I am often chided by others for not being able to “go with the flow”. I am aware that I irritate others by asking all of the questions I need to know to assemble a complete idea of what will happen in my head. I need all of those details in order to understand.

My husband amazes me. He could watch anybody do something, then do it himself.

I know he is NT because very little has to be explained to him. He sees what has to happen and is able to complete the project using things he has learned by watching and listening.

One of the best things you can do to improve communication and understanding with an autistic person is to state intent, then explain in detail, using as much detail as possible. Do this in every day activities, no matter how small they seem to you. It might be annoying to you to have to do this, know I am not trying to be a pain, but that I need to ask questions in order to understand. It might take extra effort on your part, but you will usually gain willing cooperation if I understand the “big picture” in any scenario.

This is especially true if I am in a medical setting, or in any new place where I am expected to comply or cooperate with issues that are new or require some form of participation on my behalf. Please state intent and explain what will happen in as much detail as possible.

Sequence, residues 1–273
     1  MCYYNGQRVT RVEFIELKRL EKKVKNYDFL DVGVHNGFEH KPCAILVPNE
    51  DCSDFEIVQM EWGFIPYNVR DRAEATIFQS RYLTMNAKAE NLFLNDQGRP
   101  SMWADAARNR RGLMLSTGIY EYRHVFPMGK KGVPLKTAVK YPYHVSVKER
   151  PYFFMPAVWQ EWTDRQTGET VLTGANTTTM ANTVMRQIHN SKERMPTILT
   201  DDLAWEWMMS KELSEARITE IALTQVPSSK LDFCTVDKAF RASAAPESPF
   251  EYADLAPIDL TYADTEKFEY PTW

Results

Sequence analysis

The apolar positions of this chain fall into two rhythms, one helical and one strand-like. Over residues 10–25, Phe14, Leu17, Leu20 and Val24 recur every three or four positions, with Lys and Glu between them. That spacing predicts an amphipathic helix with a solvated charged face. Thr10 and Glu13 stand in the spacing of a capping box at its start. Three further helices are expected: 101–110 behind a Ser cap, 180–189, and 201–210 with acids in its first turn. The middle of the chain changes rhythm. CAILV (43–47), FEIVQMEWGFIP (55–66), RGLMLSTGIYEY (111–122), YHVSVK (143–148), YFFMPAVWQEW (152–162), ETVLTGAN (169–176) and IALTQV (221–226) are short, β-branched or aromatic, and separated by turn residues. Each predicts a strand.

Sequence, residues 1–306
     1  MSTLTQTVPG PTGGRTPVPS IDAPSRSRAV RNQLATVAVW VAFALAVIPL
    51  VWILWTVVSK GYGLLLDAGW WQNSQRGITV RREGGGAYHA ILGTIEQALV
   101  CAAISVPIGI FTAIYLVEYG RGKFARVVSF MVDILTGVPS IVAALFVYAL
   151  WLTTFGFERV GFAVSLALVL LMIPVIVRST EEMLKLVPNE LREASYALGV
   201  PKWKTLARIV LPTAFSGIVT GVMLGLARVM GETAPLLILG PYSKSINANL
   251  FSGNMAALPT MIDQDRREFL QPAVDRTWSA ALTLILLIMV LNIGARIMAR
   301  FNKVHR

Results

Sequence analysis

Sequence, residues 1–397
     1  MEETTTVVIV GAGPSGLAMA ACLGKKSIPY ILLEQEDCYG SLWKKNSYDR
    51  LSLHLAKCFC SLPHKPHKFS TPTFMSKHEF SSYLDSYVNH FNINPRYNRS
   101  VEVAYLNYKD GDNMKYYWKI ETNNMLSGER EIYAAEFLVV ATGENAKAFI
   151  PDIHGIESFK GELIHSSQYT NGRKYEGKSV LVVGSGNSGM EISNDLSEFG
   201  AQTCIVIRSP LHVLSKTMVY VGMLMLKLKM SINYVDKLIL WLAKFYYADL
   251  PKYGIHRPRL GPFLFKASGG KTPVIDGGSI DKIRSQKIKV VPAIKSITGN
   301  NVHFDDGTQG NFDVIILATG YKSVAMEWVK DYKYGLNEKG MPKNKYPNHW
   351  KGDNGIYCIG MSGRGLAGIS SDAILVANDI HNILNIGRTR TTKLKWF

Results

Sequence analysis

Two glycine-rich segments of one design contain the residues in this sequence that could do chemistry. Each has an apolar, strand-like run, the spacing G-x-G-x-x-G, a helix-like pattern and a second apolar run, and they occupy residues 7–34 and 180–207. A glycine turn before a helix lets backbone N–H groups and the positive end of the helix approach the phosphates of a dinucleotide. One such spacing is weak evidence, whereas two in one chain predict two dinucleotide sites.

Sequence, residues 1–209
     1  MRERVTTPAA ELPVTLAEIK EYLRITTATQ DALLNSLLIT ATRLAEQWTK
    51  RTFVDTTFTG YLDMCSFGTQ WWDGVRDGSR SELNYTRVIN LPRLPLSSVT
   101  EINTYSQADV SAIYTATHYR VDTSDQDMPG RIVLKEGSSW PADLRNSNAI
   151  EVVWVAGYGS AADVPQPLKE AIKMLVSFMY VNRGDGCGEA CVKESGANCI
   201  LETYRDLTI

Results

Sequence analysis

Answering the questions of ” What, when, why, who, where, how?” makes my world and my place in it easier to understand, to negotiate successfully, and to perform satisfactorily.


Newly diagnosed Autistic Adults

Comments on forum are a strong argument for adult diagnosis of autism.

I was so deeply moved just moments ago.
I have a routine of checking in with each of the four on line autism forums I attend every morning.
One person had written that she was newly diagnosed and that she wondered what other people’s reactions to diagnosis had been.

People began to check in and tell their stories.
Some said they were initially shocked because they had no idea.
Others said they felt deep loss for things that might have been.
Some said they felt angry that they had spent their whole lives not knowing why they were different.